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Bush insists Iran arming Iraq

AP PhotoA U.S. Army officer picks up a piece of evidence gathered by U.S. military on Iran's support to militant Iraqis fighting American forces at a press conference in Baghdad, Wednesday.
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WASHINGTON ” President Bush said Wednesday he’s certain the Iranian government is supplying deadly weapons used by fighters in Iraq against U.S. troops, even if he can’t prove that the orders came from top Iranian leaders.

More important, Bush said in his first news conference of the year, is the need to protect American forces against the new weapons and technology, including sophisticated new roadside bombs.

“I’m going to do something about it,” Bush pledged, displaying apparent irritation at being repeatedly asked about mixed administration signals on who was behind the weaponry.



“To say it is provoking Iran is just a wrong way to characterize the commander in chief’s decision to do what is necessary to protect our soldiers in harm’s way,” Bush said.

U.S. officials have said that Iran is behind attacks against troops in Iraq, an assertion denied by Iran’s president, Mahmoud Ahmadinejad.



Meanwhile, Bush shrugged off congressional debate on a resolution opposing his Iraq policy, noting that the measure was nonbinding and mostly symbolic. But he said U.S. troops are counting on lawmakers to provide them the funds they need to win.

Bush spoke as the Democratic-controlled House of Representatives debated a measure opposing his decision to send some 21,500 additional troops to Iraq.

“They have every right to express their opposition and it is a nonbinding resolution,” he said of the House members. But he suggested he would dig in his heels if Congress wavered on emergency spending legislation to pay for the operation.



“Our troops are counting on their elected leaders in Washington, D.C. to provide them with the support they need to do their mission,” Bush said.

In his first news conference since Dec. 20, Bush said he had just received his first briefing from Baghdad by Gen. David Petraeus, the new chief commander of U.S. forces in Iraq.

Bush said he talked with Petraeus about coordination between Iraqi and coalition forces, and that while it seemed to be good, more work was needed on developing an efficient command-and-control structure.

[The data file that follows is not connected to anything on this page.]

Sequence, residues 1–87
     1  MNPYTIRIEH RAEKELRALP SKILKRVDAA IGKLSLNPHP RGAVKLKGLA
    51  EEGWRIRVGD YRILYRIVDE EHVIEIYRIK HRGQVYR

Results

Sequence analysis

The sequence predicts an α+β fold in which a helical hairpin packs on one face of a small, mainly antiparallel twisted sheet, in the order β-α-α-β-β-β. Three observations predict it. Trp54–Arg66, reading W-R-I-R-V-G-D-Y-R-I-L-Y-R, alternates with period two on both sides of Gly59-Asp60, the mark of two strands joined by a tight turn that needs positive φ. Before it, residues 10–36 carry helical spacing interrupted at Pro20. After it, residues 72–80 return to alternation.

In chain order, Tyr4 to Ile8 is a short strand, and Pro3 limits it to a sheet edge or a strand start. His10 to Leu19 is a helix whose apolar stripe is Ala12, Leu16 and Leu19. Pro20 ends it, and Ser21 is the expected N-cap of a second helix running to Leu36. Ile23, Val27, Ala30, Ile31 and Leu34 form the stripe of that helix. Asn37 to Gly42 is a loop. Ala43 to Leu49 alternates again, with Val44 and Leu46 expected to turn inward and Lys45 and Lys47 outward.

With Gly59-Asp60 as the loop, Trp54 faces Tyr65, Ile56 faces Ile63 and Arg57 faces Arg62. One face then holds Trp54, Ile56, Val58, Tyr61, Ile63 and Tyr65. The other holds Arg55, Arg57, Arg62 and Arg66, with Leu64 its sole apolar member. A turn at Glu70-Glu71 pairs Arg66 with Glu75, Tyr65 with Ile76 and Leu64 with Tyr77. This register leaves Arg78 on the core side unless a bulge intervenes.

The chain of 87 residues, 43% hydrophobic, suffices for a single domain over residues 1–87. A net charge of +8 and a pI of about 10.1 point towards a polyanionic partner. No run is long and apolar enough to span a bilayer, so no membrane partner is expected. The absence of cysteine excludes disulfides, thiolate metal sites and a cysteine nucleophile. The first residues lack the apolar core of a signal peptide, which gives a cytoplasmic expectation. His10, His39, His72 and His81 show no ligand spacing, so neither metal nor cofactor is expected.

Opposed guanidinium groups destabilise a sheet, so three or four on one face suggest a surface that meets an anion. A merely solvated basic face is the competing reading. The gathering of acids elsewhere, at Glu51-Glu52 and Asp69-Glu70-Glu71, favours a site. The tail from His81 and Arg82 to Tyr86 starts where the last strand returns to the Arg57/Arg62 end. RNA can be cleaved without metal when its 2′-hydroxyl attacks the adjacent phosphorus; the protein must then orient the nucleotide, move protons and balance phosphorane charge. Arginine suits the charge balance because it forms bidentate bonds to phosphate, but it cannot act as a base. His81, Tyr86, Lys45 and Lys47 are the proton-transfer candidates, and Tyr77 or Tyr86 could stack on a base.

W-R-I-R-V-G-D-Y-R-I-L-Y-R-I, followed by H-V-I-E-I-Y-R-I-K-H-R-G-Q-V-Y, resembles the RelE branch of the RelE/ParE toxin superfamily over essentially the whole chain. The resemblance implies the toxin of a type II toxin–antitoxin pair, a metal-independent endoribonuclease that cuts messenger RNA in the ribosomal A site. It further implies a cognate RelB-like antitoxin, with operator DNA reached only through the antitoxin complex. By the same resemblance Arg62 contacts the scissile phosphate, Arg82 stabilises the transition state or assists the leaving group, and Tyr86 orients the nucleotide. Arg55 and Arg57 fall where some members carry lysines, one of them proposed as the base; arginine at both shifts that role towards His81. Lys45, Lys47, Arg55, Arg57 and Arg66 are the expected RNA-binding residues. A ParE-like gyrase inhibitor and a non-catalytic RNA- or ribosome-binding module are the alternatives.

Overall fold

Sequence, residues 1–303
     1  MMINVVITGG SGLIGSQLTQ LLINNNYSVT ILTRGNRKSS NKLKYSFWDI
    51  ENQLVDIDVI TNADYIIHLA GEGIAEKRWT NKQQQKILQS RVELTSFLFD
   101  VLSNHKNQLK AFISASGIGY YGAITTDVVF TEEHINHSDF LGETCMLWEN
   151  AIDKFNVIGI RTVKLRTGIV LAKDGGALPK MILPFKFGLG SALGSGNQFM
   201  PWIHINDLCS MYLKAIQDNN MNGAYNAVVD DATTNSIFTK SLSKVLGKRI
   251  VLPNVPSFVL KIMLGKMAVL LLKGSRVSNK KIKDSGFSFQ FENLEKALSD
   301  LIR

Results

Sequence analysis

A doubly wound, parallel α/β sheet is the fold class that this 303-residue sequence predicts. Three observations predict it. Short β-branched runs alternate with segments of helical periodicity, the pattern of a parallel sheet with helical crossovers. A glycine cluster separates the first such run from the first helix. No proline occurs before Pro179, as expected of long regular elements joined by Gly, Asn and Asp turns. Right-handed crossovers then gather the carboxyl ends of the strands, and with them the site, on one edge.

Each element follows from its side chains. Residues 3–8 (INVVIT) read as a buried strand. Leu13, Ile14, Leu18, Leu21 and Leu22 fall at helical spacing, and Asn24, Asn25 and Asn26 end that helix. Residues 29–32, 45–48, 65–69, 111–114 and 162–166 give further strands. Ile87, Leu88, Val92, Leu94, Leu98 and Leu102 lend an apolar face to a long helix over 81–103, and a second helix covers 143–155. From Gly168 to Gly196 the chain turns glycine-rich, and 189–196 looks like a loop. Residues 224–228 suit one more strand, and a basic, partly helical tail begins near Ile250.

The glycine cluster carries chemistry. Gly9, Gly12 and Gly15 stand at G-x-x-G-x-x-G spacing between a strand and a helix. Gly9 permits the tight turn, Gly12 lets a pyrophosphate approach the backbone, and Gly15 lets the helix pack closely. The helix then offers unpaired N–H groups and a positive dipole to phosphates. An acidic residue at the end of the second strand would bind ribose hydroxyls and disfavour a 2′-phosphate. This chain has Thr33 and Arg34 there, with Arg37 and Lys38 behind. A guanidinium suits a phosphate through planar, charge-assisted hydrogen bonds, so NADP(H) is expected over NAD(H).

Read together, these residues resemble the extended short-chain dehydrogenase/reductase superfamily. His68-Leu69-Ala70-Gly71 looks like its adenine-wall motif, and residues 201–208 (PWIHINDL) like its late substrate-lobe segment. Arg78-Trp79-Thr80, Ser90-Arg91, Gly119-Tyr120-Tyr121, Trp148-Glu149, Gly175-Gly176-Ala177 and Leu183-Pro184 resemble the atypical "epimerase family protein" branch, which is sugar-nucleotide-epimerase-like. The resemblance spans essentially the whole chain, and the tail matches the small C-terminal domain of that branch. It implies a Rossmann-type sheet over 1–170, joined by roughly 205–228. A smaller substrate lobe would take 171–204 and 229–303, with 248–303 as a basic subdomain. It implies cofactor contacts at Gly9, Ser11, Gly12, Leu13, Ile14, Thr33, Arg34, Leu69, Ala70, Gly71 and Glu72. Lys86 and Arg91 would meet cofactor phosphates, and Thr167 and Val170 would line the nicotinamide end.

Meanwhile, Bush responded carefully when asked about Russian President Vladimir Putin’s recent sharp criticism. He has a “complicated relationship” with the Russian leader, the president said.

Putin slammed U.S. domination of world affairs at an international conference of security officials in Germany over the weekend, saying the U.S. was making the world more dangerous by overusing its military power.

The depth of Putin’s criticism surprised U.S. officials. Moscow and Washington drew closer together immediately after the Sept. 11, 2001, terror attacks, but more recently relations have been strained.

Bush emphasized he and Putin have a lot they agree on, including on making sure that Iran does not develop nuclear weapons.

Also, Bush:

– Welcomed North Korea’s tentative agreement, announced Tuesday, to shut down its nuclear program in exchange for oil. But, said Bush, “those who say the North Koreans have got to prove themselves by following through on the deal are right, and I’m one. This is a good first step.”

– Refused to answer questions about the perjury trial of former vice presidential chief of staff, I. Lewis “Scooter” Libby, drawing laughs when the told the questioner: “Would you like to think of another question? Being the kind man that I am, I will recycle you.”

– Also refused to talk about the 2008 presidential race, saying, “I will resist all temptation to become the pundit-in-chief.”

– Said he could work with the new Democratic Congress on issues such as balancing the federal budget, immigration and energy.

On alleged Iranian involvement in Iraq, Bush appeared to back away from assertions at a weekend briefing in Baghdad by three senior U.S. military officials.

The officials said shipments into Iraq of deadly new weapons and technology had been approved at the highest levels in Tehran.

Bush said that he could only say “with certainty” that the weapons were provided by an elite part of Iran’s Revolutionary Guards, which is part of the government.

But, the president added, he does not know whether the weapons were “ordered from the top echelons of government. But, my point is, what’s worse, them ordering it and it happening, or them not ordering it and it happening?”


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